Speed Control of DC Motor using Microcontroller 8051

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					   SPEED CONTROL OF A DC MOTOR USING
            MICROCONTROLLER 8051

                    A PROJECT REPORT

                          Submitted by

           S. Kamal Viswanath (07241A0206)

               M. Gowtham (07241A0203)

             P. Ashok Kumar (06241A0205)

               K. Rohit Naik (07241A0247)

        in partial fulfillment for the award of the degree

                               of

                  Bachelor of Technology

                               IN

  ELECTRICAL AND ELECTRONICS ENGINEERING



GOKARAJU RANGARAJU INSTITUTES OF ENGINEERING AND
                       TECHNOLOGY

              JNTU HYDERABAD : 500085

                         January 2011
         GOKARAJU RANGARAJU INSTITUTES OF
              ENGINEERING AND TECHNOLOGY




                      BONAFIED CERTIFICATE

This is to certify that this project report “Speed Control of DC Motor using

microcontroller 8051” is the bonafied work of “Kamal Viswanath,

Gowtham, Ashok Kumar, Rohith Naik” who carried out the project under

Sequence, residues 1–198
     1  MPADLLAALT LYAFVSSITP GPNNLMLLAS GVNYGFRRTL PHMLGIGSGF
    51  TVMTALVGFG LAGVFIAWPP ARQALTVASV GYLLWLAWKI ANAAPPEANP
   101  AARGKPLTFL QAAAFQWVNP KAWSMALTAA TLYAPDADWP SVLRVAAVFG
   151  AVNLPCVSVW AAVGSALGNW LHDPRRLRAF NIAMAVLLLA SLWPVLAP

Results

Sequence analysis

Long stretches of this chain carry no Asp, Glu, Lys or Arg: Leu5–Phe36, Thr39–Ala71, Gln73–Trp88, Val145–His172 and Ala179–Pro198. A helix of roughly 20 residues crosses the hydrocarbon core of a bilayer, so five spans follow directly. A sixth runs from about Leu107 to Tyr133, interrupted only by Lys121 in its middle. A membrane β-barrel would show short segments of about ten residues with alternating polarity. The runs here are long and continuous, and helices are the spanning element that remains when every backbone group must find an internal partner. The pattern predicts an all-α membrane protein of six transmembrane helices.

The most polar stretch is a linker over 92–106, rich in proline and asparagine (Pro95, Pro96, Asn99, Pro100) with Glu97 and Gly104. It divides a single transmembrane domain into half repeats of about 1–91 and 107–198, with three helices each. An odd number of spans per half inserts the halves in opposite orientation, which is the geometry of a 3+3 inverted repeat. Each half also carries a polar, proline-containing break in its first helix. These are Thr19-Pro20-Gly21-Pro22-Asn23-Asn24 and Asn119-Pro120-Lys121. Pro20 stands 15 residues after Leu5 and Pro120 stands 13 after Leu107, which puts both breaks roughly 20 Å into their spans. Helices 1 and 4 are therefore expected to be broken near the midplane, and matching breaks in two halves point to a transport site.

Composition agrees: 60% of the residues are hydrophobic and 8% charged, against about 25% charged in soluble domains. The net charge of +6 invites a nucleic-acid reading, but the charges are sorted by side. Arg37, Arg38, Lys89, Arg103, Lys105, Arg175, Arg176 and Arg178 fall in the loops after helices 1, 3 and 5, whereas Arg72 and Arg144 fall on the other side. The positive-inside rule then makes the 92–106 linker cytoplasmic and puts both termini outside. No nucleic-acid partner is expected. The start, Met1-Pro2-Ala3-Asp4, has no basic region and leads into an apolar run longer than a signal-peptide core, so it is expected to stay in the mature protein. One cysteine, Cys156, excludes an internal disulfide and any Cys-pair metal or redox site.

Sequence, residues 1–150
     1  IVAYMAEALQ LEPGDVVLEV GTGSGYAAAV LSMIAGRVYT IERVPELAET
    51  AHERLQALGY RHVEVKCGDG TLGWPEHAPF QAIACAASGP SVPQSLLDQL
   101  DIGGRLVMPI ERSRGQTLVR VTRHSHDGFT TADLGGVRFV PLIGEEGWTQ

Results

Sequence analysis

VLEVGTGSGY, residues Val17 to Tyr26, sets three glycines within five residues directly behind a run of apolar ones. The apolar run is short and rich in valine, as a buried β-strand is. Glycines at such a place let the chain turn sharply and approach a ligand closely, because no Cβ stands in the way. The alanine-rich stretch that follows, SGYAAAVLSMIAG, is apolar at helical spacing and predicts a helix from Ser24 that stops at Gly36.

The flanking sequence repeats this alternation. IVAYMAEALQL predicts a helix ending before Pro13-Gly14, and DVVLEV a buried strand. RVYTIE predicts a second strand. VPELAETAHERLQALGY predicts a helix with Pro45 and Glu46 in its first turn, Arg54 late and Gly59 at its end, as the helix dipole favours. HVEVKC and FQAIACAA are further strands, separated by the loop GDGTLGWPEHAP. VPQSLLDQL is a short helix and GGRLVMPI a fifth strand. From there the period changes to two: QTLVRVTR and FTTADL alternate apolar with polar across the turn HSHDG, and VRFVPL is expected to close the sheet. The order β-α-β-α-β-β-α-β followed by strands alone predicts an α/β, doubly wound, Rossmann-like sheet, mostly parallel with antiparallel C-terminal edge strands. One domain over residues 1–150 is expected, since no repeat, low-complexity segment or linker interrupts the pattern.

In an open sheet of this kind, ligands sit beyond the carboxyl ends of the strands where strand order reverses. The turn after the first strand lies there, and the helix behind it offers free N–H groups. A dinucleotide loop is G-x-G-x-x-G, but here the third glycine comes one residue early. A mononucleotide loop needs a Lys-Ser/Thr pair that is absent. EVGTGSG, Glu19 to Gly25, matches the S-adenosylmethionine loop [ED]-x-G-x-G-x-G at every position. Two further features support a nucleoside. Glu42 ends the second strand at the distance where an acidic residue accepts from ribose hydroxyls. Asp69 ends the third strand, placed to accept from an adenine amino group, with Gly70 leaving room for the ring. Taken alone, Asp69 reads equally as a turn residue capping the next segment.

my supervision.




SIGNATURE                                                 SIGNATURE

P.M. Sharma                                               M. Chakravarthy

HEAD OF THE DEPARTMENT                                    PROJECT GUIDE

                                                        ASSOCIATE PROFESSOR

ELECTRICAL AND ELECTRONICS                    ELECTRICAL AND ELECTRONICS

GRIET,                                         GRIET,
BACHUPALLY, KUKATPALLY,                        BACHUPALLY, KUKATPALLY,
HYDERABAD-500 090.                             HYDERABAD-500 090.
                                 ABSTARCT


                                         The aim of developing this project is to

control the speed of DC motor. The main advantage in using a DC motor is that

the Speed-Torque relationship can be varied to almost any useful form. To

achieve the speed control an electronic technique called Pulse Width

Modulation is used which generates High and Low pulses. These pulses vary

the speed in the motor. For the generation of these pulses a microcontroller

(AT89c51) is used. As a microcontroller is used setting the speed ranges as per

the requirement is easy which is done by changing the duty cycles time period

in the program. This project is practical and highly feasible in economic point of

view, and has an advantage of running motors of higher ratings. This project

gives a reliable, durable, accurate and efficient way of speed control of a DC

motor.
                    CONTENTS



CHAPTER No.              TITLE                PAGE No.

                         ABSTRACT                iii



 1.                      INTRODUCTION                  1

              1.1   DC Motor                     1